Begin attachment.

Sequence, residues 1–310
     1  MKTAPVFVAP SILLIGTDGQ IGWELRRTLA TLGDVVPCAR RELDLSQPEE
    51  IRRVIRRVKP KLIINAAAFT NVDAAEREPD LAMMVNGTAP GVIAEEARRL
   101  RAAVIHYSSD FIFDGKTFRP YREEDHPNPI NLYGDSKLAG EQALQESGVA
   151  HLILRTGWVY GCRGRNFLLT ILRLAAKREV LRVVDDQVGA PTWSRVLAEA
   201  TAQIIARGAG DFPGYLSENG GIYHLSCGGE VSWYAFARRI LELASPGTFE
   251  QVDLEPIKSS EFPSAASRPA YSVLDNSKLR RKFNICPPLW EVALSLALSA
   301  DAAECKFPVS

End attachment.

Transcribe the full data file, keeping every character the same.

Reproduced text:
Sequence, residues 1–310
     1  MKTAPVFVAP SILLIGTDGQ IGWELRRTLA TLGDVVPCAR RELDLSQPEE
    51  IRRVIRRVKP KLIINAAAFT NVDAAEREPD LAMMVNGTAP GVIAEEARRL
   101  RAAVIHYSSD FIFDGKTFRP YREEDHPNPI NLYGDSKLAG EQALQESGVA
   151  HLILRTGWVY GCRGRNFLLT ILRLAAKREV LRVVDDQVGA PTWSRVLAEA
   201  TAQIIARGAG DFPGYLSENG GIYHLSCGGE VSWYAFARRI LELASPGTFE
   251  QVDLEPIKSS EFPSAASRPA YSVLDNSKLR RKFNICPPLW EVALSLALSA
   301  DAAECKFPVS